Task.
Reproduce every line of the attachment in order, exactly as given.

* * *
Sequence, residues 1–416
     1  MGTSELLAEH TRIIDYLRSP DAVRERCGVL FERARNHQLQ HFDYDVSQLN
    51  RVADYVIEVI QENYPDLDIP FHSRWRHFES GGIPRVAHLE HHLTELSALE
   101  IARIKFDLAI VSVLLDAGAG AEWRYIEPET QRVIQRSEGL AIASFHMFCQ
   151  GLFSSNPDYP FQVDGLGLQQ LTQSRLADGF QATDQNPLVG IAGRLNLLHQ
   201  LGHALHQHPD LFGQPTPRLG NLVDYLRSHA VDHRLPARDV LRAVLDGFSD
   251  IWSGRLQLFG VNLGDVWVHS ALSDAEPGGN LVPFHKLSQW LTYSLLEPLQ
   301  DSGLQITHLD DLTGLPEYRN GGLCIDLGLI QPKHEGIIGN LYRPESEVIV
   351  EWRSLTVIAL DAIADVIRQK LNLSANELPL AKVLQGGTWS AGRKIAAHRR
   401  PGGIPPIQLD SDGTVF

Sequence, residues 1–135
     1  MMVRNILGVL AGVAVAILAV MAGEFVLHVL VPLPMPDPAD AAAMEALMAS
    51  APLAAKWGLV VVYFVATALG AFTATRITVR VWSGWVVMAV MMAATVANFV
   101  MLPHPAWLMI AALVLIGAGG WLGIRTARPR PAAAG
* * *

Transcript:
Sequence, residues 1–416
     1  MGTSELLAEH TRIIDYLRSP DAVRERCGVL FERARNHQLQ HFDYDVSQLN
    51  RVADYVIEVI QENYPDLDIP FHSRWRHFES GGIPRVAHLE HHLTELSALE
   101  IARIKFDLAI VSVLLDAGAG AEWRYIEPET QRVIQRSEGL AIASFHMFCQ
   151  GLFSSNPDYP FQVDGLGLQQ LTQSRLADGF QATDQNPLVG IAGRLNLLHQ
   201  LGHALHQHPD LFGQPTPRLG NLVDYLRSHA VDHRLPARDV LRAVLDGFSD
   251  IWSGRLQLFG VNLGDVWVHS ALSDAEPGGN LVPFHKLSQW LTYSLLEPLQ
   301  DSGLQITHLD DLTGLPEYRN GGLCIDLGLI QPKHEGIIGN LYRPESEVIV
   351  EWRSLTVIAL DAIADVIRQK LNLSANELPL AKVLQGGTWS AGRKIAAHRR
   401  PGGIPPIQLD SDGTVF

Sequence, residues 1–135
     1  MMVRNILGVL AGVAVAILAV MAGEFVLHVL VPLPMPDPAD AAAMEALMAS
    51  APLAAKWGLV VVYFVATALG AFTATRITVR VWSGWVVMAV MMAATVANFV
   101  MLPHPAWLMI AALVLIGAGG WLGIRTARPR PAAAG